Key takeaways from going cinema with a newborn baby
I can’t remember when I first floated the idea of taking Roma to the cinema – week two maybe? – but Jenna looked at me like I was mad, which was quite a role reversal because that’s a look I usually reserve for her.
Oh yes, the baby brain lives on post-pregnancy.
Quick background information if you haven’t taken the time to read my About Me page – bit rude, but I’ll let it slide – I’m a massive fan of the cinema.
I’ve got a Cineworld Unlimited card, which gives me access to all the films I want to see for just shy of £20.
I’d like to state I’ve not been paid to write this – trust me, that score gets sucked out of my bank account each month without fail – I’ve actually had a card for ten years now, although back when I signed up it was just £10.99.
Those were the days…
In my pre-parenthood cinema-going prime, I’d go weekly and often see two films back-to-back. However, since becoming a dad I’d only been twice in two months because Jenna, Roma and I have been glued together for the most part.
“I finally broke Jenna and she agreed that the three of us should give the cinema a visit together”
So far I’ve seen Wonder Woman and Spider-Man: Homecoming – amazing and alright – only because I seized opportunities when Jenna took Roma for respective lunches with a group of her girls and her mother.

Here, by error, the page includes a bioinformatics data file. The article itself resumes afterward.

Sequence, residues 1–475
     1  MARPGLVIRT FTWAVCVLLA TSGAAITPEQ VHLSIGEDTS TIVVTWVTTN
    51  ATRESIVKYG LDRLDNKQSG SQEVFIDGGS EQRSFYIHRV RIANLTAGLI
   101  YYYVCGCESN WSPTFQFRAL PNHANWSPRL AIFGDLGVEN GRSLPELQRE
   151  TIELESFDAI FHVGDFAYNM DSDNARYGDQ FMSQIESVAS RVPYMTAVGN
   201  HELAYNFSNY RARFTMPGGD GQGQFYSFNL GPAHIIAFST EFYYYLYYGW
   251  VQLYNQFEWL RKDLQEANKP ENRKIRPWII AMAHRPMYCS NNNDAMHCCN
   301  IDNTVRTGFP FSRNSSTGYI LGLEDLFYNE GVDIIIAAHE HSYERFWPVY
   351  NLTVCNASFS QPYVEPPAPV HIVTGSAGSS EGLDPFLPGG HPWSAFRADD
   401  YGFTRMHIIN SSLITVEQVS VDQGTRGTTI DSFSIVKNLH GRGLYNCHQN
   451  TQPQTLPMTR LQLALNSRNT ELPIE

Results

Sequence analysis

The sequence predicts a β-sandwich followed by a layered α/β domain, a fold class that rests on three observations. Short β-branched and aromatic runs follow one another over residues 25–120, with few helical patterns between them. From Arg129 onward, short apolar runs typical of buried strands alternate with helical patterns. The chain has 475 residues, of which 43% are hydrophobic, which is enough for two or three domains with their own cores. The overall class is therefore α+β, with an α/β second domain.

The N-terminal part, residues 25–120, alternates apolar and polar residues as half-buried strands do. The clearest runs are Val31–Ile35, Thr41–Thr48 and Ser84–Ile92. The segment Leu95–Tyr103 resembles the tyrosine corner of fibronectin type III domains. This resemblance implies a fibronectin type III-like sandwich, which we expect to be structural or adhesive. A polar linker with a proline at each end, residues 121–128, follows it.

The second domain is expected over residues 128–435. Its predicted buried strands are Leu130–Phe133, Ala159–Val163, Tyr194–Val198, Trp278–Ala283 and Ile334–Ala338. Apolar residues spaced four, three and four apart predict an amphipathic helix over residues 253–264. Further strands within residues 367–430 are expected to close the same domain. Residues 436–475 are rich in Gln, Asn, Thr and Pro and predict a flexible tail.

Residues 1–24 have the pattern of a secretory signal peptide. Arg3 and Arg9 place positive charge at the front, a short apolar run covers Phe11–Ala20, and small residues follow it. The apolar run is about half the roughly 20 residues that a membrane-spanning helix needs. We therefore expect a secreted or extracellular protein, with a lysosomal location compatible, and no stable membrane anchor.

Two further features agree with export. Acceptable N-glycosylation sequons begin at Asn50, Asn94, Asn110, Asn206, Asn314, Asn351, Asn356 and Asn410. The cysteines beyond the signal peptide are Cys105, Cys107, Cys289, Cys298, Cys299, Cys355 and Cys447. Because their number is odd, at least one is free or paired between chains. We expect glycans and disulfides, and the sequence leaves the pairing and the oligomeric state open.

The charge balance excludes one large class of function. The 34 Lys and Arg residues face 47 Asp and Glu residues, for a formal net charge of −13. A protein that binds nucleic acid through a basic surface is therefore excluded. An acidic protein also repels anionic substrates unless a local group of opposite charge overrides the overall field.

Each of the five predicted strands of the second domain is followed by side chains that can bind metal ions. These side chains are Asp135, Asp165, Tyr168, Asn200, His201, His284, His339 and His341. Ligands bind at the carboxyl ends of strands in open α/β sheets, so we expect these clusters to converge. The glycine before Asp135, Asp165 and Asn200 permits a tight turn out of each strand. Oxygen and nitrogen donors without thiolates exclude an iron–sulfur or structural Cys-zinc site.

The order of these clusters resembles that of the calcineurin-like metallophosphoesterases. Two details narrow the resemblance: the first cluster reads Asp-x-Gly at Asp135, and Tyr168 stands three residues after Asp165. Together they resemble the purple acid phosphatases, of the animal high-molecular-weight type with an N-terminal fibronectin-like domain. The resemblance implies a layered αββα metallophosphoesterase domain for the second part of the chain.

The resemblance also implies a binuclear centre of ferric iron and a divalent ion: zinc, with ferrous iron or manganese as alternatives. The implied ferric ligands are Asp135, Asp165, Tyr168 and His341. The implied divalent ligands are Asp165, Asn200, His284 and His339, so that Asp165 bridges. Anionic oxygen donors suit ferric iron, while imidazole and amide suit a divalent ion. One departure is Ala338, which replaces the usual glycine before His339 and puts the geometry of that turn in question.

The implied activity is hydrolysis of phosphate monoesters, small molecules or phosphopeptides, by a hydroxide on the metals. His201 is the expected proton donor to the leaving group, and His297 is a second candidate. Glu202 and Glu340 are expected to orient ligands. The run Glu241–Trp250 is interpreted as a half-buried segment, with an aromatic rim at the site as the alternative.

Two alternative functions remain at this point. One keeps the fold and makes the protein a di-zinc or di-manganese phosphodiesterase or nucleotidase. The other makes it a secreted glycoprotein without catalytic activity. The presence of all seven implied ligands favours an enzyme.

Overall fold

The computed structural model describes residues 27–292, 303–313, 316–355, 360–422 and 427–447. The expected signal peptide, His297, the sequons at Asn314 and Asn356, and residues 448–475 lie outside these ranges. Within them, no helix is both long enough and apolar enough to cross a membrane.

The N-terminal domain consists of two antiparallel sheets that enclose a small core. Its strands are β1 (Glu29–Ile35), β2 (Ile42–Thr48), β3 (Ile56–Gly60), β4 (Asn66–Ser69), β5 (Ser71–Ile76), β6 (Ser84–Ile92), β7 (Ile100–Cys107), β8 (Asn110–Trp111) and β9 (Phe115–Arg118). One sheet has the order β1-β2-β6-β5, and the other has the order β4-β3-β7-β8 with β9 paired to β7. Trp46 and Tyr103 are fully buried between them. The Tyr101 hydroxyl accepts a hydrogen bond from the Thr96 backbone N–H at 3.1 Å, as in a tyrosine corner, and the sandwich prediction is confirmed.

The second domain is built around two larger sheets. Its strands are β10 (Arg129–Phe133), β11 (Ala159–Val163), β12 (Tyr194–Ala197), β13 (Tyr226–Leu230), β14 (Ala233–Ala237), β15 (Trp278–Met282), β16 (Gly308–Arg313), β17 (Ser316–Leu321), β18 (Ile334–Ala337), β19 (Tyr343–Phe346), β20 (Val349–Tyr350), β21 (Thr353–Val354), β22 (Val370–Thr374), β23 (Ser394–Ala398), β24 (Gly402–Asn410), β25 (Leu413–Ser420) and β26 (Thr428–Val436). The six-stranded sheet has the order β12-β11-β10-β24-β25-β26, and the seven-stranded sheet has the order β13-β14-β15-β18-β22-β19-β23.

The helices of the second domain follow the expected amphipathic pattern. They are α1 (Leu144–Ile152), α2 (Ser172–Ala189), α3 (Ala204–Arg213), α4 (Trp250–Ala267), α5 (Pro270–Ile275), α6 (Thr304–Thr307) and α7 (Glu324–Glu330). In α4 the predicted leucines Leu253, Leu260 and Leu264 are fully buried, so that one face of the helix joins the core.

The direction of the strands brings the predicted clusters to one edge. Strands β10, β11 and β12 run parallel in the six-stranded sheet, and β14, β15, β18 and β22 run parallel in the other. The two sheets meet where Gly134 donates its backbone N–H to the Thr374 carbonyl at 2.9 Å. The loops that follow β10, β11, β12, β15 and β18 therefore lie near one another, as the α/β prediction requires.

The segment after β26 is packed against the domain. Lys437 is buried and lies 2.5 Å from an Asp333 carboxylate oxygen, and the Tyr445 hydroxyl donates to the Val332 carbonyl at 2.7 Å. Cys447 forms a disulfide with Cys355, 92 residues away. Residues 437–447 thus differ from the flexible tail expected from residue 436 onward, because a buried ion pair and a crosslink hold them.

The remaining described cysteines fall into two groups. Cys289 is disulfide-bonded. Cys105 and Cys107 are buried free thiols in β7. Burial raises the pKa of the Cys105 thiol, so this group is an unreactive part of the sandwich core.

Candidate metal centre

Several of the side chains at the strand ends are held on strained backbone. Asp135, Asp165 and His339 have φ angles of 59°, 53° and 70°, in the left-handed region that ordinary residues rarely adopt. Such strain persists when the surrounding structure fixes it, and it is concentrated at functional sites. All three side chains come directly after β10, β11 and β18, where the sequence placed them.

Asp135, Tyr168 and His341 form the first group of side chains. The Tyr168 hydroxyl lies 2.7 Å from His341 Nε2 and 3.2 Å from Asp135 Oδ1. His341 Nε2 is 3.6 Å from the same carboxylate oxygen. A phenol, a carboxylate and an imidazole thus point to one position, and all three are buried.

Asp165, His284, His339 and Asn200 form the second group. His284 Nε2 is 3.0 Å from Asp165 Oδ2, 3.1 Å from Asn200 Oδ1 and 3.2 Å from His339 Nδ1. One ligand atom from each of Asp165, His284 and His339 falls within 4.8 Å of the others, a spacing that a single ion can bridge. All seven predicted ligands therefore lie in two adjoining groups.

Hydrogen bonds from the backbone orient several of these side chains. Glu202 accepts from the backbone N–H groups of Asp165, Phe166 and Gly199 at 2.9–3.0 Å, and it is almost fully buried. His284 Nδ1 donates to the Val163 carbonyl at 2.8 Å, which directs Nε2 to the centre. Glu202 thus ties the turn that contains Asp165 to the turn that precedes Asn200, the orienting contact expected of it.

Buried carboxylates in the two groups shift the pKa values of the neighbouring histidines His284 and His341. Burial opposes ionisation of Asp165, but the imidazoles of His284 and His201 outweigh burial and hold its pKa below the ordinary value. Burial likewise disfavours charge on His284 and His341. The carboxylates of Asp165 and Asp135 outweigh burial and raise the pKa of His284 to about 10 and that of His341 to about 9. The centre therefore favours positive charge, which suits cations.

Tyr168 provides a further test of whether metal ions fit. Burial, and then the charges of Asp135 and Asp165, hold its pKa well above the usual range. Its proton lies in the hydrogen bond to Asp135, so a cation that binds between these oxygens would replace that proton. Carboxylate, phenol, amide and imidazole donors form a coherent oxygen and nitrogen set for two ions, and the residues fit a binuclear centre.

It would feel a bit sore going cinema after work having spent all day away from the pair of them, and weekends are usually spent together for quality time since we only get a few hours together on weeknights once work is out of the way.
The game has changed now.
Finally, the wait is over – it brings me the greatest of pleasure to say that we’ve taken Roma to the cinema!
After practicing my puppy dog eyes for the past few weeks though, I finally broke Jenna and she agreed that the three of us should give the cinema a visit together.
More than a deep desire on her part to see the final outcome of the Planet of the Apes trilogy, two thirds of which I’d cunningly persuaded her to watch in the weeks leading up to the cinematic release of War for the Planet of the Apes, I think she just wanted me to stop banging on.
We were meant to go on Saturday, but traffic thwarted our journey to the 11am screening and a convoluted attempt to sort out Roma’s passport in the afternoon meant we had no hope of the 2pm showing.
Sunday was the big day. Tactics were a must…
The push and shush
We went for a family workout in the morning, including a run and some HIIT.
Unusually, Roma stayed awake throughout. Ordinarily she nods off the moment the pram gets moving, so it was slightly unsettling and made us think she was going to resist every attempt to send her off.
The post-feed snooze
Once we got back from the run and showered, Jenna fed her. Still she remained bright-eyed and bushy-tailed. Whagwan?!
Why had this sleep-loving gumdrop suddenly decided to go all Faithless and can’t get no sleep?
Old faithful: The in-car catnap